Total time: 11:04:35
|Let's do this!|
One of the many lessons I have learned from training and racing so many iron-distance events is things never go according to plan. The point of all this training is to be able to roll with it, so-to-speak on race day.
Ironman Cozumel this year was a perfect example of this.
In the days leading up to the race a fierce wind blew in -- a weather system that locals call the "norte." Mike and I had experienced the norte earlier this year in Coz. The wind whips up the ocean into such a frenzy that the port shuts down. Vacationers who have booked scuba-dive trips are left sitting around waiting for the port to re-open. And this November there were 2000+ nervous triathletes biting the inside of their collective cheeks...
|Registration in my new bright pink top my sister got me for Christmas last year!! :) :)|
As it happened, every practice swim was canceled before the race. That meant no ocean swimming at the race venue. No getting familiar with how the currents felt, no practicing sighting and swim start/exit strategy. Time for my new motto of "F@#k it" to kick in. :)
Port closed down and no practice swims?
Seriously, saying this in my head (and sometimes muttering it under my breath) acts as a release valve. And it works. My last key session before IM Coz was 25x 100m on 1.55. I found when my pace started to shift, an emotional component would inevitably weasel its way into my thoughts and by me muttering "f@#k it" after every 100m, I brought my pace back down and got 'er done. It is amazing how emotions can negatively impact my performance. When emotions creep in, I lose focus...and speed and efficiency.
Literally the night before the race, a mass email went out to all participants detailing changes to the swim portion of the Ironman. The swim was changed to a 3.1km point-to-point swim with the current.
(Keep in mind the current is strong in Cozumel. More than 300 people were pulled from the swim last year. After the race last year, there was a video circulating that showed a swimmer vainly swimming into the current and actually moving BACKWARDS.)
Honestly, my first thought was BOOM! Finally I land in a race with an obvious time advantage. I've done SO MANY FRIGGING races where the course is long, the weather is brutal, etc. It's about time!! :D :D My next thought was, better wait and see, it is an Ironman after all!
The morning of the race was a cluster. Athletes still had to go to T1 and then catch buses to the new race start. I went into stealth mode and mooched 80 pesos from The Momma and caught a cab instead.
The Swim: 46:18 -- LOL!!!!
|The new race start and beginning of a current-assisted 3.1km swim.|
What a gong show. The pro men started first, followed by the pro women. The pros swam out to their starting point while instructions shouted out on a megaphone (in both Spanish and English) to us age groupers that we were to stand in either ankle deep water or on the shore.
Well, that went over like a lead balloon.
As soon as the pro women started, everyone started swimming out to the pro race start. I looked around a few times hoping to hear a whistle or something getting everyone back to shore, but nothing was happening. So, I joined the horde.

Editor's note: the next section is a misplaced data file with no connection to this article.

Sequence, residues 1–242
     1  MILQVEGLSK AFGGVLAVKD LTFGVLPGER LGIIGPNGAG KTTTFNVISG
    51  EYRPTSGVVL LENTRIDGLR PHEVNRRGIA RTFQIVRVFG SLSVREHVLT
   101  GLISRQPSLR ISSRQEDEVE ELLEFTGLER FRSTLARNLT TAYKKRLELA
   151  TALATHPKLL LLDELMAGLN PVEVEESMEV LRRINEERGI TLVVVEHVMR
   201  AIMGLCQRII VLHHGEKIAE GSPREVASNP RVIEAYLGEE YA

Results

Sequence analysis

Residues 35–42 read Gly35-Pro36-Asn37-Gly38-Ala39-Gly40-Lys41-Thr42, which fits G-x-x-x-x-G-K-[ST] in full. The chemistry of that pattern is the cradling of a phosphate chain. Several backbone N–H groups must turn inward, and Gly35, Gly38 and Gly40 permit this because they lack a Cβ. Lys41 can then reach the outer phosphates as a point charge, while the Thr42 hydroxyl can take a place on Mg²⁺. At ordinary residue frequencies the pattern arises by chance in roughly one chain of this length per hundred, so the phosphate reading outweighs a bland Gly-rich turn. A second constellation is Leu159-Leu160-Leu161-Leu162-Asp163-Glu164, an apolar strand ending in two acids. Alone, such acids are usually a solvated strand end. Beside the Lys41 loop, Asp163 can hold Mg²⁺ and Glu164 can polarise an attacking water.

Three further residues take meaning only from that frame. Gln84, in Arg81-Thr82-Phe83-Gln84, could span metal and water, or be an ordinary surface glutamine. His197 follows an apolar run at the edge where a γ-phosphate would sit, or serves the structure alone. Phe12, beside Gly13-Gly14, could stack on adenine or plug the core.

It was 15 min to our race start and the current was bit by bit pushing us past the pro start line. Good grief. I said to one guy beside me, "If they don't start us soon, we'll be finishing before we even start."
He didn't laugh. Dork.
|The best electrolyte drink on the planet. Why can we not get this stuff here?!?!?!|
There were a few half-hearted attempts made by a couple of guys on water-ski-jet-ski things (why I cannot remember the word for this is beyond me, hahaha!) to push the swimmers back, but you can't fight the current! I tried swimming back a bit but when I turned around there was a frigging wall of people behind me. I waffled, swimming back a bit, forward a bit, trying to find the right spot for my conscience.
Another guy beside me shouted to a volunteer on a SUP board -- "You should bonk these guys on the head!" (Ok I am liberally paraphrasing here...Hee-hee.)
The volunteer was so awesome -- he laughed and said: "I just live here! I don't care -- this is your race, you do what you want." Whoever you were -- awesome response man!! :)
Eventually everyone started swimming so I did too. I never did hear the cannon or gun or whatever it was.
The current was really apparent. I was flying. And I was still drafting like crazy too. Although the water is crystal clear, I never *see* anything during the swim portion. I call it being "race blind." I am just so in the moment of swimming I don't *see* anything but the swimmers around me and how best to strategize how to draft from them. :) So, I don't remember seeing any fish or scuba divers (except for my Mikey at the start).
Once we reached Chankanaab Park (T1), the current reversed and it was like hitting a wall. Oh how I remember that feeling from last year! I tucked in behind some swimmers and made my way to the steps and gracefully hoisted myself belly-first out of the water.